Free will and the ability to assume responsibility for one’s actions establish the spiritual importance and dignity of man.  Indeed, we have come to equate maturity with a willingness to direct our behavior in terms of our goals as well as to accept the consequences of our choices.  If we look at family planning methods in this light, we can see that natural methods of family planning allow us to live out this vision of man.

N.F.P. encourages us to assume personal responsibility for our fertility and for the decisions regarding the spacing of our children.  We do this by managing our sexual behavior in terms of our family planning goals.  The use or avoidance of the fertile cycle represents responsibility at a very personal level because it deals directly with the action that leads to conception.  In other words, we choose to act or not to act sexually during the fertile time.  Contraception, on the other hand, does not address itself to this choice but rather seeks to eliminate our fertility (the pill, vasectomies, tubal ligation, hysterectomies) and/or the natural fertile consequences of our sexual actions (condoms, spermicides, I.U.D., diaphragms, pill).  Thus, we can see that, contraception represents the delegation of our responsibility to technology, and stands between us and the sublimely human activity of controlling our actions and thus our destiny.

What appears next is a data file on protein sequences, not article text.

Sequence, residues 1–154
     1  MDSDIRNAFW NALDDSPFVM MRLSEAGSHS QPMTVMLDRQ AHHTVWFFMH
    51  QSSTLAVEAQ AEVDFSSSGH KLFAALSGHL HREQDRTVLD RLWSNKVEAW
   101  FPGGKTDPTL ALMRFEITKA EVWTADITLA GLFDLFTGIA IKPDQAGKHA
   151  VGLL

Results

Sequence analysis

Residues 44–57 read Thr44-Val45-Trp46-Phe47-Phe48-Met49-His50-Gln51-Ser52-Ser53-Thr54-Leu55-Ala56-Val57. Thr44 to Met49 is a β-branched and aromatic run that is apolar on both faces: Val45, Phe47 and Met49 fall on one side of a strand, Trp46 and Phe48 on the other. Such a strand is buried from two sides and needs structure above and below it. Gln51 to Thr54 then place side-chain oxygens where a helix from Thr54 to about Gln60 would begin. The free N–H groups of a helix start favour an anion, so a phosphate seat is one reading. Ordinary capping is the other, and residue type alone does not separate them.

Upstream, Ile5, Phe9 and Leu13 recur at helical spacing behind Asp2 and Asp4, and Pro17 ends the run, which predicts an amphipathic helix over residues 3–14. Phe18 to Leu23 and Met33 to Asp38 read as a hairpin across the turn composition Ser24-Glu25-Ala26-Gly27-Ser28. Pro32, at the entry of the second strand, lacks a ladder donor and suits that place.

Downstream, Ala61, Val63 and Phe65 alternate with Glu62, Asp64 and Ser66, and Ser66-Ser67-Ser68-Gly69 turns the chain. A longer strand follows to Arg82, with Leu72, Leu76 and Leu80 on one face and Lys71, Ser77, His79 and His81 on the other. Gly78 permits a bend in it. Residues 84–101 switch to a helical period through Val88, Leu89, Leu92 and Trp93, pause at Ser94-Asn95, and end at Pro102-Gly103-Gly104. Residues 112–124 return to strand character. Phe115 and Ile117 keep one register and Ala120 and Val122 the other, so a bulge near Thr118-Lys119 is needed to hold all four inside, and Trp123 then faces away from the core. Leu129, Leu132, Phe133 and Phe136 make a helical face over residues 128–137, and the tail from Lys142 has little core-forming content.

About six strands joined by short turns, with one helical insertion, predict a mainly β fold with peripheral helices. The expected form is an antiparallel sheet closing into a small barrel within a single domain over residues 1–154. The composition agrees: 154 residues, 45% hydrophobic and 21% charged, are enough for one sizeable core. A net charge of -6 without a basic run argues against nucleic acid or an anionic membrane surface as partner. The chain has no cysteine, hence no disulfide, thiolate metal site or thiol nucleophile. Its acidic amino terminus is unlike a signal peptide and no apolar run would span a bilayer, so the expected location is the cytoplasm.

The philosophy of taking responsibility at the level of our personally chosen action rather than at the level of what follows from our actions has some pro-life implications. Abortion is seen by many as merely an extension of the contraceptive philosophy – that is of avoiding unwanted consequences.

Indeed, this is seen by many, as responsible behavior.  But if we begin to think about what human responsibility is, we realize that it is not the outcome of our actions that we should be concentrating, but on what produces the outcome.  There would be no need for abortion if people would look at their sexual activity and direct it in terms of their goals.  Contraception is a short-sighted solution because it too distracts from the issue of chosen behavior.  It identifies fertility and the subsequent results of sexual intercourse as the object of control rather than sexual intercourse itself.  Using or avoiding the fertile time in order to plan or space our pregnancies represents immediate direction of our actions and thus allows us the opportunity to exercise our human responsibility and freedom more fully.  As our knowledge of our fertility and our ability to manage our behavior increases, we shall experience increasing freedom and dignity.